You want your wedding to run as smoothly as possible, so you certainly haven’t got time to deal with a family feud!

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Odds are that there will be a few guests on your list that don’t always see eye to eye. We’ve looked at dealing with difficult divorced parents, and luckily a family feud that doesn’t revolve around your parents can often be easier to deal with.

There’s always the option of not inviting people who are involved in a family feud, especially if they are renowned for causing trouble. As the bride and groom, it is completely up to who you choose to invite.

family-feuds-janhendrik.comHowever, not inviting these people who are expecting an invite will probably lead to them asking some very awkward questions. You will need to try to explain to them, as carefully as you can, the reasons that they haven’t been invited. This in turn will probably give reason for more family-related arguments, so be careful how you go about this.

You could just try talking to the people in the family feud. Explain how important your wedding day is to you and that you would appreciate it if they behaved.. Tell them that if they do cause any problems, they will be asked to leave – give them the ultimatum of being civil, or face the humiliation of being escorted out in front of family and friends.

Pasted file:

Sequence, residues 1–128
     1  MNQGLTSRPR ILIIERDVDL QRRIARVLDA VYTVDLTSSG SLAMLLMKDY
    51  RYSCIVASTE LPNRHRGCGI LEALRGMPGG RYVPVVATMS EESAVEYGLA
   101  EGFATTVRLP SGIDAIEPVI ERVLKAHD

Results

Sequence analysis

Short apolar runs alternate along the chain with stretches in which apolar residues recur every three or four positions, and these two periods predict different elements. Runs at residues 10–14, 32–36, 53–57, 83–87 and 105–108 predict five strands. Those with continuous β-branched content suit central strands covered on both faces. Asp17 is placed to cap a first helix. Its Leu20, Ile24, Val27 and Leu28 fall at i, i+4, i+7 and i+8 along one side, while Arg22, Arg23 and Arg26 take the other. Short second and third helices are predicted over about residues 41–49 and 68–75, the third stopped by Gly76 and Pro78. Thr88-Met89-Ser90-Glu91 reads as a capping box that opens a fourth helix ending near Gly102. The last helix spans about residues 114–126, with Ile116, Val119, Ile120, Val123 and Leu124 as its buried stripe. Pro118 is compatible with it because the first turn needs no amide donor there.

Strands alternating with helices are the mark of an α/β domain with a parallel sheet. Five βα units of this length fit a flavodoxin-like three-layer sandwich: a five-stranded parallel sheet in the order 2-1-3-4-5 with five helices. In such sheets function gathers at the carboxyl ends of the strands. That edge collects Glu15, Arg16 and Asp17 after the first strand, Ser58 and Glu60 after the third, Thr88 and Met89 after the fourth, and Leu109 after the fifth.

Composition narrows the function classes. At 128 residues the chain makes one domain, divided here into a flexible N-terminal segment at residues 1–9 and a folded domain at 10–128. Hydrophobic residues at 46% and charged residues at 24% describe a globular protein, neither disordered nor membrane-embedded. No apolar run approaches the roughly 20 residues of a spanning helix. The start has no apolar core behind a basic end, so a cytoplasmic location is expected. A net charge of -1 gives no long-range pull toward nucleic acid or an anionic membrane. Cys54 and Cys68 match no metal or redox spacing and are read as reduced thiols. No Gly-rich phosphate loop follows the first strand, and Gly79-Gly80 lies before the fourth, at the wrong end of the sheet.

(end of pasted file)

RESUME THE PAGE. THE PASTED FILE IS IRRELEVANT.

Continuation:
If they really feel they can’t forget about any disagreements or lay off the family feud for just one day, suggest that they go to the service but not on to the reception (alcohol often exasperates these problems!). People should respect that it’s your wedding day, and that you don’t want any extra hassle. Weddings should be joyous celebrations, definitely not shouting matches!

How are peoples family feud affecting your invitations?

Let us know

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